Another obstacle for the team has been determining the commitment level of the club members. According to Johnson about 50 percent of the team seems truly committed to the competitive level.
“It’s hard because we all have our own college interests, as well as work and jobs and school. Being part of a competitive team is difficult, but I was fortunate enough to be on the freestyle snowboard team on both my freshman and sophomore year and if you want to do something then I believe it would be pretty easy to wake up at 6 a.m. and work out and go skiing, if you’re really into it,” said Johnson.
At the moment the club is comprised of twelve members, seven men and five women. Johnson encourages anyone interested in participating to consider enrolling in the club for the spring and fall semesters of 2015.
As an incoming student at SNC, students must experience the dorms as an initial step in their higher education. With SNC’s largest incoming class arriving, many are questioning the residence hall policies.
“We have a total of 194 students in the dorms, one of the highest incoming classes. Last year we had around 180 which is only 10-15 more students this year,” said Lizzie Thibodeau.
While the increase of students is minimal, they have seen a large difference in the living situation among the dorms.
“What bothers me is that I requested a double (room) and they explained they were running out of space, and asked ‘do you think you could spare for a triple?’, just before school started. Therefore we involuntarily agreed and are working through the situation.” said Freshman Celine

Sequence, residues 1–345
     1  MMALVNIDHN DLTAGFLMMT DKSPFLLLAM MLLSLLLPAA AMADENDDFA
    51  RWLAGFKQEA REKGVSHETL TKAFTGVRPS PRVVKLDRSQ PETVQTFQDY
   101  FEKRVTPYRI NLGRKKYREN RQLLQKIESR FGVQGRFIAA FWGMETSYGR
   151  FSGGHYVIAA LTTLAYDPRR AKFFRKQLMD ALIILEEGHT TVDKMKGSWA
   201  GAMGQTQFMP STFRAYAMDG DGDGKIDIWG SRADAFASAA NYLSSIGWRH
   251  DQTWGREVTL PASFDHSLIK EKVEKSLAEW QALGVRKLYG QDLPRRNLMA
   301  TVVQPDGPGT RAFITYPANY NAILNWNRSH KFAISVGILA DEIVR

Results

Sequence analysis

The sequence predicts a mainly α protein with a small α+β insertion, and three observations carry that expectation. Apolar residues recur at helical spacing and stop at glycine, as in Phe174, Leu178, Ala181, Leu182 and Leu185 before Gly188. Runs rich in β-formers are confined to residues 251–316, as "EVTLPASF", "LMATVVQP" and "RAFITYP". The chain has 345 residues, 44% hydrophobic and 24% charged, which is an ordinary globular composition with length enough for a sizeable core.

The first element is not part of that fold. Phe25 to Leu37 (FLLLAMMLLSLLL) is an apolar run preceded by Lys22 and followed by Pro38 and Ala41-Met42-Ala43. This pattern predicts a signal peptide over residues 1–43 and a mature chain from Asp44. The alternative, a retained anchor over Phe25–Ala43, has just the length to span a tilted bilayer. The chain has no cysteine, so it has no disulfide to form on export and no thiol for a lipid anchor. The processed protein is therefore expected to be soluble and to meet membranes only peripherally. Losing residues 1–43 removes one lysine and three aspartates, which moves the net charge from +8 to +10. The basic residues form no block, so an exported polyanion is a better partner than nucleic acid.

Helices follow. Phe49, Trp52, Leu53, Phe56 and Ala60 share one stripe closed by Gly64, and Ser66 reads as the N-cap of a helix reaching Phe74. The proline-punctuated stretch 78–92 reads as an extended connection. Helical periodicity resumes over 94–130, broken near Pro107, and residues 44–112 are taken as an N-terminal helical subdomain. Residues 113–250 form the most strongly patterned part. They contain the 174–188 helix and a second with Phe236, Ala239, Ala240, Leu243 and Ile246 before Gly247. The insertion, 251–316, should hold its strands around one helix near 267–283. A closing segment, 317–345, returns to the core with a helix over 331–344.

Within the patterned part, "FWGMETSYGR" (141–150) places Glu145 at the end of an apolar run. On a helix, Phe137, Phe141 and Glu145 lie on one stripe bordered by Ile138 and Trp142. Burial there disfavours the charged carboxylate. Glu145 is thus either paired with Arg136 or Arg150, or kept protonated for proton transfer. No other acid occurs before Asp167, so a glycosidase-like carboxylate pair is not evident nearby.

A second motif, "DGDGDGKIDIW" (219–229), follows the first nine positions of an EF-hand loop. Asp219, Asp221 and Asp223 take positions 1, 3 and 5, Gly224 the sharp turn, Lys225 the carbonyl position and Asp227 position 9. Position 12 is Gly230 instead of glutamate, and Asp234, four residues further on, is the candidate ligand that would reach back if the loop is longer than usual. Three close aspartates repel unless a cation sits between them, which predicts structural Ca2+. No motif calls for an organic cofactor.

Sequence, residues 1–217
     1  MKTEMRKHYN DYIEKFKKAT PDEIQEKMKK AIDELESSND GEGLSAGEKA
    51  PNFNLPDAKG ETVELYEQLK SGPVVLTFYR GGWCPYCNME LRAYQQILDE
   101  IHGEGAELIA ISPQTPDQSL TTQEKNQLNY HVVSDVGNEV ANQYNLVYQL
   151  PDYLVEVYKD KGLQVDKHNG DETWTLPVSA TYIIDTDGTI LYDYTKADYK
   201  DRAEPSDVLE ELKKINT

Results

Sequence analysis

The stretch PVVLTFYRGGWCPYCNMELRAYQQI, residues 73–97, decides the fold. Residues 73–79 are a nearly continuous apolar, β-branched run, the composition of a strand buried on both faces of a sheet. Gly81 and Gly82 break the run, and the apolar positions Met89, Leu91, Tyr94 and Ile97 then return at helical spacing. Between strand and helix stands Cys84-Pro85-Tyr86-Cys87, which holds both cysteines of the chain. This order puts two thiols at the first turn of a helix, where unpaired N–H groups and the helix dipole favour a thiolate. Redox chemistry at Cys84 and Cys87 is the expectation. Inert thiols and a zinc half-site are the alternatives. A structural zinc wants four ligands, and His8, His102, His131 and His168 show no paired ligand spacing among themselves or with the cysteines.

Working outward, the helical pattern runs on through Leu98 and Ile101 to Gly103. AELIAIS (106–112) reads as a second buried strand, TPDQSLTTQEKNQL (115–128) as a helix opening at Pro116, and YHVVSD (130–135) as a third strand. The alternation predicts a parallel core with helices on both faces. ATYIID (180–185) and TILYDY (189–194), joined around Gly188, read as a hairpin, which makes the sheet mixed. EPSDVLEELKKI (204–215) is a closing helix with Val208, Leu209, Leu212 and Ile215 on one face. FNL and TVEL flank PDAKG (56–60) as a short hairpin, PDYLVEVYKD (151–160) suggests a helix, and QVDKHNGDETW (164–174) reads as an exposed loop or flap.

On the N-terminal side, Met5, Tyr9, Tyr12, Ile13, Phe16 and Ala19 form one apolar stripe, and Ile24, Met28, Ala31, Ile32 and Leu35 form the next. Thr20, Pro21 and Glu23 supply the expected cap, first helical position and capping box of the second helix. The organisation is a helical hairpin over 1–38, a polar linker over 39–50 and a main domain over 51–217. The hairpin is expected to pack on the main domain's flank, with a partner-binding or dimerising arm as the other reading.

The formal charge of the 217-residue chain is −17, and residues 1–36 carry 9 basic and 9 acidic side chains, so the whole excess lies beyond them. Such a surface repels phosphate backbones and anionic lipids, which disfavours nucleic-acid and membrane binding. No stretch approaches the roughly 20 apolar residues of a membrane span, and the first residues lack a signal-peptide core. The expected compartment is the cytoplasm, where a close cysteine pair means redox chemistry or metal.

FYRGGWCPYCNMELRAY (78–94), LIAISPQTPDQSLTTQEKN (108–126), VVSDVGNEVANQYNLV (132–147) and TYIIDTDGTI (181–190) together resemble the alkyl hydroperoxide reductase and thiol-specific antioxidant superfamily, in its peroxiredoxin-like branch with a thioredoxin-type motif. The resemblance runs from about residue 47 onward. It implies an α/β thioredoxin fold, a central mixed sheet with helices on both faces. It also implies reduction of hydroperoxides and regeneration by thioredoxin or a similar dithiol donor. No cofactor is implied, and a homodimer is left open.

For some students, this policy can be burdensome when trying to expand their horizons of Incline Village and Lake Tahoe area.
“The two year policy should be more of an option than a requirement. I think there should be a way you can prove that the second year is not necessary for an individual, rather than forcing it upon the students,” said Sophomore Nelly Steinhoff.
There aren’t many places that you can go today that don’t have security cameras. Shopping malls, restaurants, grocery stores and many schools across the nation are full of them. The motive may be different for each place that sports this type of device, but most of the time, cameras go unnoticed and have become just a part of regular day life.
Sierra Nevada College (SNC) has already installed cameras in the Tahoe Center of Environmental Sciences and commenced planning for the installation of more cameras into the Prim-Schultz dormitory by next fall.
Late at night, while most students are fast asleep, Tyler Prange is working hard at Diamond Peak to ensure that each run is perfectly groomed. A Ski Business and Resort Management major by day and Diamond Peak vampire by night, Prange is setting himself up for a career in the ski business.
Over the past few weeks black bears have become a danger to themselves as well as the community. Bears have broken into Sierra Nevada College dorm rooms, off-campus students apartments, and a few cars in the Incline Village area. SNC has taken action to educate students about bear etiquette in order to avoid inappropriate human-bear interaction in the future.
Prim-Shultz dormitory on the Sierra Nevada College campus flooded due to sprinkler damage on Saturday, Oct. 5 and damaged 9 total rooms. The cost for repair is still unknown.